Report backs FBI probe
Watchdog review finds agency’s Trump-Russia investigation justified
WASHINGTON — The FBI was justified in opening its investigation into ties between the Trump presidential campaign and Russia and did not act with political bias, the Justice Department’s internal watchdog declared Monday, undercutting President Donald Trump’s repeated claims that he has merely been the target of a “witch hunt.”
The report rejected theories and criticism spread by Trump and his supporters, though it also found “serious performance failures” up the bureau’s chain of command that are likely to be cited by Republican allies as the president faces a probable impeachment vote this month. The review by Justice Department Inspector General Michael Horowitz found that the FBI was authorized to open the investigation to protect against a potential national security threat. Information compiled by former British spy Christopher Steele, a focus of Republican criticism, “played no role in the Crossfire Hurricane opening,” the report said, using the name the FBI gave its investigation.
And the report ruled out political bias in the decision to investigate ties between the Trump
campaign and Russia, a frequent contention by Trump.
But the inspector general identified 17 “significant inaccuracies or omissions” in applications for a warrant from the secretive Foreign Intelligence Surveillance Court to monitor the communications of former Trump campaign adviser Carter Page and subsequent warrant renewals, although it also found the bureau was justified in eavesdropping on Page. The errors, the watchdog said, resulted in “applications that made it appear that the information supporting probable cause was stronger than was actually the case.”
Some of that information came from Steele. The watchdog found that the FBI had overstated the significance of Steele's past work as an informant, omitted information about one of his sources whom Steele had called a “boaster” and who Steele said “may engage in some embellishment.”
Republicans have long criticized the process since the FBI relied in part on opposition research from Steele, whose work was financed by Democrats and Hillary Clinton's presidential campaign and that fact was not disclosed to the judges who approved the FISA warrant.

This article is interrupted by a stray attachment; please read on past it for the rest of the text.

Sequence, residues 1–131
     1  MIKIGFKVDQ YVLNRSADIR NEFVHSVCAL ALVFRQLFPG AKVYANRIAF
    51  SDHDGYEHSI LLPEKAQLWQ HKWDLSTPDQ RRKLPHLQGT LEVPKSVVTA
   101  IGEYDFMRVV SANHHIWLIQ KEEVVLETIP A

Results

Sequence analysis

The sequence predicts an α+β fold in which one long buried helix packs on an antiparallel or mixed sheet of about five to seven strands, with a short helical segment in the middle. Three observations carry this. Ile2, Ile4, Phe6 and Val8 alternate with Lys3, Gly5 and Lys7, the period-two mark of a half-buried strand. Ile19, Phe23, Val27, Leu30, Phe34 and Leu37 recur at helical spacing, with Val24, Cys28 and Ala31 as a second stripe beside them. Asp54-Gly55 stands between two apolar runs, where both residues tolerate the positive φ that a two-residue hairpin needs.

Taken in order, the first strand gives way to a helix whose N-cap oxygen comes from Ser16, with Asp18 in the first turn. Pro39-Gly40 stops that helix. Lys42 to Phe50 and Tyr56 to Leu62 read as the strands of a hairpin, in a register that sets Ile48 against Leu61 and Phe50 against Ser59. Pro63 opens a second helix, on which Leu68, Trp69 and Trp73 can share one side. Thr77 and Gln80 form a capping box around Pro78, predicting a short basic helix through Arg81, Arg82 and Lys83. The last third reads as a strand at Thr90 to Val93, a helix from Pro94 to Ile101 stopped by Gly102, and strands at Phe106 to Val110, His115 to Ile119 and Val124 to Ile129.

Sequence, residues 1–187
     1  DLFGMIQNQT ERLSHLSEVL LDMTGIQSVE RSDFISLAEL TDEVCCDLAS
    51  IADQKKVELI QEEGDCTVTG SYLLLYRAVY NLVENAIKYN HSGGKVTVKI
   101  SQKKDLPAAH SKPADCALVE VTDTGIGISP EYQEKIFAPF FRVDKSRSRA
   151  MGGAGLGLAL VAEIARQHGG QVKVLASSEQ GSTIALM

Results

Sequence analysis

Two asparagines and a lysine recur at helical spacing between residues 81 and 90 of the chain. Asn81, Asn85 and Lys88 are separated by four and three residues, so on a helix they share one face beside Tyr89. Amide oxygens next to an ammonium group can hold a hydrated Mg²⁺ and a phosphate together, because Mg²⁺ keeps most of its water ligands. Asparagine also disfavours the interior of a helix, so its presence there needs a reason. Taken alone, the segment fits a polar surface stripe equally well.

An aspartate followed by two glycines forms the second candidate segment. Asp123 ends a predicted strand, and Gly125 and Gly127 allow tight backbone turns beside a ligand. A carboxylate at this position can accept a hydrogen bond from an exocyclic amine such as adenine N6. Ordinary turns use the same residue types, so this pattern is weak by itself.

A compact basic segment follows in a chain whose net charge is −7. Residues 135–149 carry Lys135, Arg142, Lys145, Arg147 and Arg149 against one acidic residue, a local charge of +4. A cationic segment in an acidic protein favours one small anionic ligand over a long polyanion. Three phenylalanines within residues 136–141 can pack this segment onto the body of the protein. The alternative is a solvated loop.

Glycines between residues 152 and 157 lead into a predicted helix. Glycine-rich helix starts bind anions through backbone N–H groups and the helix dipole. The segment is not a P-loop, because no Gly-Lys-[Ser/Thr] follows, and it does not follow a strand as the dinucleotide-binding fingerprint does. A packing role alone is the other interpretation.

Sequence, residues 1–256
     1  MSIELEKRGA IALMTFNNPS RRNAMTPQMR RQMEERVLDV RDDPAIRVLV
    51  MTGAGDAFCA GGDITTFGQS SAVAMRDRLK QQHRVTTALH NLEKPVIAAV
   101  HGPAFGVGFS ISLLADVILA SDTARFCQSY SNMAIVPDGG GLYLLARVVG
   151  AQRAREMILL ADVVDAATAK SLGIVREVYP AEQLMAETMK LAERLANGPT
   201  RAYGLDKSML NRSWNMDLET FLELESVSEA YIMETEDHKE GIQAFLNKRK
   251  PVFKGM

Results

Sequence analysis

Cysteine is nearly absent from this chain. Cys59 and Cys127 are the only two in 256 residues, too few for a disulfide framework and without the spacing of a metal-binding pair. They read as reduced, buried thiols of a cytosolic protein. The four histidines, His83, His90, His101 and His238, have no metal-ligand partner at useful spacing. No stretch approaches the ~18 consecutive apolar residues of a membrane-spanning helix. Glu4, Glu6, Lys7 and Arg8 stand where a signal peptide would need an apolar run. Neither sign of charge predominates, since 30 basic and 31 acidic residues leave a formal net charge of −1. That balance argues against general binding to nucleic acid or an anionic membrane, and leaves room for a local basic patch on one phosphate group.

The report's release brought fresh attention to the legal and political investigations that have entangled the White House from the moment Trump took office.
Political divisions were evident in responses to the report.
Senate Democratic leader Chuck Schumer said it makes clear that the basis for the FBI's investigation was “valid and without political bias.”
Trump, in remarks at the White House, claimed it showed “an attempted overthrow and a lot of people were in on it.”
Trump has repeatedly said he is more eager for the report of John Durham, the prosecutor selected by Attorney General William Barr to conduct a separate review of the Russia probe.
Barr and Durham both rejected the inspector general's conclusion that there was sufficient evidence to open the FBI investigation.
“The Inspector General's report now makes clear that the FBI launched an intrusive investigation of a U.S. presidential campaign on the thinnest of suspicions that, in my view, were insufficient to justify the steps taken,” Barr said in a statement.
Durham said he had informed the inspector general that he also didn't agree with the conclusion that the inquiry was properly opened and suggested his own investigation would back up his disagreement.
In an interview with The Associated Press, FBI Director Chris Wray noted the report's conclusion that political bias did not taint the opening of the investigation or the steps that followed. But Wray said the inspector general found problems that are “unacceptable and unrepresentative of who we are as an institution.” The FBI is implementing more than 40 corrective actions, he said.